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Driving high to be regulated as a DUI

Sunny Bains
News Reporter

Ontario plans to introduce harsher new penalties ahead of cannabis legalization in July next year to discourage stoned drivers from taking the wheel.

Despite government’s tough talk, the Department of Public Safety at Humber is still awaiting guidelines from college authorities.

“We are waiting for some directions from the ministry, but ultimately Humber College will have to make some decisions in regard to pot smoking,” said Rob Kilfoyle, director of  public safety and emergency management.

“Right now, the regulations around smoking marijuana on campus is that it’s a prohibited substance, it’s not legal to smoke, so we dissuade people from smoking it,” he said.

Eight U.S. states, including California, Washington and Colorado, also implemented stiffer laws after legalizing pot. Ontario government’s press release said it will have zero tolerance for commercial, youth and novice drivers who show detectable presence of drugs or alcohol in their system.

Carolyn Swinson, Mothers Against Drunk Driving Canada board member who lost her father and young son to drunk drivers, welcomed the tougher new laws as a good start and said it had always been MADD’s demand.

“They are a good start, but these are only the provincial regulations that were announced last week,” Swinson said. “That’s not enough. They need federal government to bring in the other piece of the puzzle. The system here is that federal government actually makes the laws, and the provinces then decide how they are going to enforce them,” she said.

Drivers driving high on pot will be treated the same way the police treats people caught driving under the influence of alcohol because any kind of intoxication is dangerous, Ontario Transportation Minister Steven Del Duca said in his statement.

Jason Fred, a business management student at Humber College who smokes marijuana every day, said he would be uncomfortable with people driving high on weed all the time because it affects their cognitive functions. Fred is hopeful that the new stiffer laws will help but doesn’t shy away from suggesting his very own three-hour rule.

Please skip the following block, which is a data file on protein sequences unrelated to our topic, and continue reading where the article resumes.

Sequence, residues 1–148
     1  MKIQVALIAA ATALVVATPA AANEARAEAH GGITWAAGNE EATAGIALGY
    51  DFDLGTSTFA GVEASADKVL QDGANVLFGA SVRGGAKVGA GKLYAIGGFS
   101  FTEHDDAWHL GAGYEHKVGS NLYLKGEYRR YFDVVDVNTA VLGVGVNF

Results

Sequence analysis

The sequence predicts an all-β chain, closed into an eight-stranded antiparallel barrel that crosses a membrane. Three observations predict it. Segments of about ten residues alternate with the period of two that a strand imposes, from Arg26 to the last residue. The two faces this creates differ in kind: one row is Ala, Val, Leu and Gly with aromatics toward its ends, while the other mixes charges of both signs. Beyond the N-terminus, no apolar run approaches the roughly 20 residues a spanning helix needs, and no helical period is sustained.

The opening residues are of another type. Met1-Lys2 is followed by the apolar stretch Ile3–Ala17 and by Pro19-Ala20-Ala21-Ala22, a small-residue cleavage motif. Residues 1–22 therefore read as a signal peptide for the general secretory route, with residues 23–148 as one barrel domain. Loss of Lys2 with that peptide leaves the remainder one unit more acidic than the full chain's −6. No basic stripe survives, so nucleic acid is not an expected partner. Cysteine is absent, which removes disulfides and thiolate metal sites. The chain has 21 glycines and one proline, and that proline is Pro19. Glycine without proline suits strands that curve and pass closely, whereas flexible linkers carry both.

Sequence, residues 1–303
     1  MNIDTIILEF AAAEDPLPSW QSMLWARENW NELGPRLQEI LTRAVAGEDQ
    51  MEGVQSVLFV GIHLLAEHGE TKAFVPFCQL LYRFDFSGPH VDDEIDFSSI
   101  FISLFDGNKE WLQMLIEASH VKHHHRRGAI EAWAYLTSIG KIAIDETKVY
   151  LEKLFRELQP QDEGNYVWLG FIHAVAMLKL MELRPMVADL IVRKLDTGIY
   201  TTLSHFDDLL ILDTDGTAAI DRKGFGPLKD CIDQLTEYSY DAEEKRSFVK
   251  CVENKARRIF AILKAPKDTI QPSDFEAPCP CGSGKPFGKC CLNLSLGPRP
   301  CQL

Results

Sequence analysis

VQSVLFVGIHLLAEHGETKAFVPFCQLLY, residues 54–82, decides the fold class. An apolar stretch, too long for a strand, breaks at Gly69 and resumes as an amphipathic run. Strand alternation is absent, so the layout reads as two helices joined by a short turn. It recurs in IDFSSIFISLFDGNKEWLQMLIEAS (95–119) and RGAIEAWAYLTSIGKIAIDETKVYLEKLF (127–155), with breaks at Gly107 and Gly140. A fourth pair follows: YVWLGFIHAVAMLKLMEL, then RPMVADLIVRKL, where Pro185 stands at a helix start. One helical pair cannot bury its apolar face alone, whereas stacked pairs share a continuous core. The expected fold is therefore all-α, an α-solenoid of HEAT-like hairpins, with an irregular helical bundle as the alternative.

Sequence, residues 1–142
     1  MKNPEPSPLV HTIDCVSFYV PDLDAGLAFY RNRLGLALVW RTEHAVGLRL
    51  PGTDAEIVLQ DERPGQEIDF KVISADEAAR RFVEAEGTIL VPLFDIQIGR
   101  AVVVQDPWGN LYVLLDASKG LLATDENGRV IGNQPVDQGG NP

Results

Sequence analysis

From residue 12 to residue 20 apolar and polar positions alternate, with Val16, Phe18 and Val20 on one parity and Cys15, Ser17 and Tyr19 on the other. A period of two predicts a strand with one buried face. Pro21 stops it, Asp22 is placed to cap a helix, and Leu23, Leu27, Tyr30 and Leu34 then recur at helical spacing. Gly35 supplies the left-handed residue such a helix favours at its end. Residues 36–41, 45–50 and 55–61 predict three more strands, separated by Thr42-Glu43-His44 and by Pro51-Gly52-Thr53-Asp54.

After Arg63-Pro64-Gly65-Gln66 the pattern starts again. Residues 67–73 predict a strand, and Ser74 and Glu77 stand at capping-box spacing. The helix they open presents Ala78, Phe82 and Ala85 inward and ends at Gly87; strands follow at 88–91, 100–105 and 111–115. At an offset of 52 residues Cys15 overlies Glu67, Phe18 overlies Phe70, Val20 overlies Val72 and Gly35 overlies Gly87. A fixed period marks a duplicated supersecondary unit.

“We need to have laws to prevent that from happening, like you shouldn’t smoke three hours before operating any heavy vehicle or machinery,” he said. “After three hours you are completely sober and good to go. My advice to everyone who smokes is to follow the three hour rule.”

Pierre Williams, former Humber student and now studying at York University, doesn’t smoke but wants to bring pot out of the black market and have people pay for it. He said legalizing pot will bring more money into the government’s coffers which can be used for public welfare, schooling, health care, etc.

According to the issued press release, new young drivers holding G1, G2, M1 or M2 licences, caught with drugs or alcohol in their system, would face licence suspensions from three to 30 days and fines from $250 to $450.

Commercial drivers caught with drugs or alcohol in their system would face a three-day licence suspension and fines from $250 to $450. There’s no suspension or fine for commercial drivers at the present.

Drivers who fail a roadside screening test would be fined anywhere from $250 to $450 and those who refuse to provide a sample will face a $550 fine.

The stiffer new penalties will be in addition to current federal criminal charges, suspensions and perhaps jail time for impaired driving. For cannabis, the federal government will soon approve an oral fluid screening device and set the thresholds for detectable presence of marijuana.

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